If only I’ll step out with faith and claim my masculinity. Day after day after day.

Ultimately, sexuality is a complicated algorithm. Who knows why any of us come out of the oven the way we do?

Some of us are completely attracted to the opposite sex and not at all to the same one; some vice versa; some literally half and half; some 90% one way and 10% the other; some only physically to one sex and emotionally to the other; some sexually to all and some, like me, sexually to none.

At the end of the day, I see sexuality with all its intricacies as representative of this mosaic of humanity.

Learning more about my own sexuality — the what, the when, the why — and how I differ from others has encouraged me to ask more questions and listen more closely to stories different from my own.

And this rings true not just in areas of sexuality. But in all issues. Issues of gender identity. Racial issues.

For as much as I’ve learned these last few years, I still know nothing. I’m only scratching the surface of understanding.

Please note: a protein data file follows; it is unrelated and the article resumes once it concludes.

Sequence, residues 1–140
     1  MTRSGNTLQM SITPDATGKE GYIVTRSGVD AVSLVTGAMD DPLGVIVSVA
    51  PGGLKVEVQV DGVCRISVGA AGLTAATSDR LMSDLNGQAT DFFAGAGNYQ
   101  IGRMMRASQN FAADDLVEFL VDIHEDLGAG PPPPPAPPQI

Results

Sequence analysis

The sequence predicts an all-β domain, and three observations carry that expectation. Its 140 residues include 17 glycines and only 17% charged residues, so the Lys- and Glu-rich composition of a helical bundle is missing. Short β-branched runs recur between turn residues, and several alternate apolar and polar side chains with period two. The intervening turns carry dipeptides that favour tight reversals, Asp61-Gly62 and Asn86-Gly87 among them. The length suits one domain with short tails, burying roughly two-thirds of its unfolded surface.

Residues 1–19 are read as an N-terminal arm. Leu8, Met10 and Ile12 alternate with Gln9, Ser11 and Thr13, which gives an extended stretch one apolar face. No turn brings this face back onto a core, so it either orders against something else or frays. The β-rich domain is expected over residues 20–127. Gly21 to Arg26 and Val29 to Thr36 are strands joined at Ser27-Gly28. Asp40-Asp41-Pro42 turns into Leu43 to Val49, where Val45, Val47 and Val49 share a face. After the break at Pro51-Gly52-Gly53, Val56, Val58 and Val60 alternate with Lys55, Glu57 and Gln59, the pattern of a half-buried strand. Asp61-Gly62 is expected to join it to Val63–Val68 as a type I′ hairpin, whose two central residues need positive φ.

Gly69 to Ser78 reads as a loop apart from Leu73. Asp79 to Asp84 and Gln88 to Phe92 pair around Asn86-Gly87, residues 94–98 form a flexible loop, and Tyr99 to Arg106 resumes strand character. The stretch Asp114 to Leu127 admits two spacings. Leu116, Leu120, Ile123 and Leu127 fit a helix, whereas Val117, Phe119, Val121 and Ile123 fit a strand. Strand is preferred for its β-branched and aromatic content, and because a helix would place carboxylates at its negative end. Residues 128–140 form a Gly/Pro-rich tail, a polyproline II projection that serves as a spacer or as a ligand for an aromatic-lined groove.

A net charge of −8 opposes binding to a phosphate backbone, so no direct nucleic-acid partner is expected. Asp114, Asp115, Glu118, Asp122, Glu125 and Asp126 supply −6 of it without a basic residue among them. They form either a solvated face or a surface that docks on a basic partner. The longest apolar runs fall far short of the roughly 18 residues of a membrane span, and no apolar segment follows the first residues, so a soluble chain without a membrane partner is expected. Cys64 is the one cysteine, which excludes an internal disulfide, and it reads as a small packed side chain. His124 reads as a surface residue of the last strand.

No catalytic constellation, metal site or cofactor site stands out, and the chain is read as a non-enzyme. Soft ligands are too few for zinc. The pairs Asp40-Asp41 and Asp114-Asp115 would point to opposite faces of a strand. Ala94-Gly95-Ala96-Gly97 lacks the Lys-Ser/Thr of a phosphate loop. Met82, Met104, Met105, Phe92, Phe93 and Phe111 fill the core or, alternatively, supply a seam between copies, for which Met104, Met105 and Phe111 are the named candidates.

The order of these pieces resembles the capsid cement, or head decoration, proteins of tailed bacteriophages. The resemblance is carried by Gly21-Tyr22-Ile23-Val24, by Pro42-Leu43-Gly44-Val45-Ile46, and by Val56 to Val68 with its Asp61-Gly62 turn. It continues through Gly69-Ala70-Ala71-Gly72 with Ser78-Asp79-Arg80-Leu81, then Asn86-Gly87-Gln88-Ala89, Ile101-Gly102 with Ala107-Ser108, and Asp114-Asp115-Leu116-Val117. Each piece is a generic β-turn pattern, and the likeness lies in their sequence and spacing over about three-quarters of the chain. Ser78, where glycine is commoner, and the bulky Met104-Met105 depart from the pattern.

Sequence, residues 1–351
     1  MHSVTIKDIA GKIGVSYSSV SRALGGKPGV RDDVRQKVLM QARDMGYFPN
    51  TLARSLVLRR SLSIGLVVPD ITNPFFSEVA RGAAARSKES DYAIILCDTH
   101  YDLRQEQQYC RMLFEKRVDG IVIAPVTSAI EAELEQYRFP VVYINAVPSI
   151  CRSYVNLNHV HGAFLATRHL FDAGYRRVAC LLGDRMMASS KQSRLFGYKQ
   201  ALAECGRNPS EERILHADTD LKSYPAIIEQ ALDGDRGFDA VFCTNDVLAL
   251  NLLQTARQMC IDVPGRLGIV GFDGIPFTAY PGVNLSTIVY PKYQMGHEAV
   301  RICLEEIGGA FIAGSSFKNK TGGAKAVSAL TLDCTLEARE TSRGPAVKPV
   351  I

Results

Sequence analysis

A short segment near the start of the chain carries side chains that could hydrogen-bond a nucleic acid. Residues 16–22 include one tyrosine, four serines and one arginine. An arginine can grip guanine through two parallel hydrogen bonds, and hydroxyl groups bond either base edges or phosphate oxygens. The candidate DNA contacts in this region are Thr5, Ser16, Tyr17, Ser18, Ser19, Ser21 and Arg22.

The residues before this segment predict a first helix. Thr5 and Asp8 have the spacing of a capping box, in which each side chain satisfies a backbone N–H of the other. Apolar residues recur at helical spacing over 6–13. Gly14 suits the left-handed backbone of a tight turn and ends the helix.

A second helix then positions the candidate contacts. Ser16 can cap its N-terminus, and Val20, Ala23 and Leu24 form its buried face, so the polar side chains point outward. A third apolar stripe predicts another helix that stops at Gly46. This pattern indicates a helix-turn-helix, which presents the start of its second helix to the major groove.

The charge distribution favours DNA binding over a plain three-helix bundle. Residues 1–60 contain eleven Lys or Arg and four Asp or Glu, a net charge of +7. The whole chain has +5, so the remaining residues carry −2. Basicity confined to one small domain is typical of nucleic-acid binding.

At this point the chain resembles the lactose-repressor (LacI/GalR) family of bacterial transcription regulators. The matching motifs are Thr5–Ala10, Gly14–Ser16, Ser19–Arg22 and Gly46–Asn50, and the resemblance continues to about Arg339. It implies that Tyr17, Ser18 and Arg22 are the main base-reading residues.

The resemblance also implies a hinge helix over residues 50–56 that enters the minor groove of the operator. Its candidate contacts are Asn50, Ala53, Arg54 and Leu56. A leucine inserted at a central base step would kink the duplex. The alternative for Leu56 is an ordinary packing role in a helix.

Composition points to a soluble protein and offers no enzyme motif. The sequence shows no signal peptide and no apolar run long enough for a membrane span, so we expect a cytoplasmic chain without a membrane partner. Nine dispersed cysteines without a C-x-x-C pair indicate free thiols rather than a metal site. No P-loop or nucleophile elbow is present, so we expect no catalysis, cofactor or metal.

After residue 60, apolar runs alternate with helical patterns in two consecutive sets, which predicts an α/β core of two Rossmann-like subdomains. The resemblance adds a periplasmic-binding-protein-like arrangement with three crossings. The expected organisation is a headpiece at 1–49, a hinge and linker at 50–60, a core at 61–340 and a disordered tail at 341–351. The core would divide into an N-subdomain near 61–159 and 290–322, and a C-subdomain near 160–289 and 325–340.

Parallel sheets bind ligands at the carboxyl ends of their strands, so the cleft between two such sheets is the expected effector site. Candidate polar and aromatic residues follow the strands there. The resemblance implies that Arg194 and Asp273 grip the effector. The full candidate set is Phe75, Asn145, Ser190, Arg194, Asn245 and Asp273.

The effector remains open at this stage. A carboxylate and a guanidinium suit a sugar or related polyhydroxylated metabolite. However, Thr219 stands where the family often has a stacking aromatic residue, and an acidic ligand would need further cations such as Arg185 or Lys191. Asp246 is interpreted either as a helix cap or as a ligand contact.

It’s natural to assume all other people must be oriented (for lack of a better word) just like us, in all areas of life, sexually or otherwise. I’m guilty of this.

I judge others for not behaving the way I would behave, sexually or otherwise.

Tangent, but it’s why I love the Enneagram so much: a system of learning how other people are motivated by things different from — and also similar to — me. The Enneagram has allowed me to better see life through another’s eyes.

Maybe this is such an obvious thing to say, but gosh it’s taken me 30+ years to figure out: we are not all wired the same way. From sexuality to infinity and beyond.

We are incredibly dynamic creatures. Beautifully diverse in a zillion ways and broken in at least that many ways, too.

I want to be done with demanding certain labels for another soul’s existence. Done with giving quick and easy prescriptions for mind-bogglingly complex issues.

Nature, nurture — who cares?

Let’s grab some coffee and listen to each other and be human together and exchange some puzzle pieces of understanding as we all figure out this thing called life.

Do you ever ponder the “nature/nurture” question regarding your sexuality? What is one revelation you’ve learned about sexuality in hearing someone else’s story?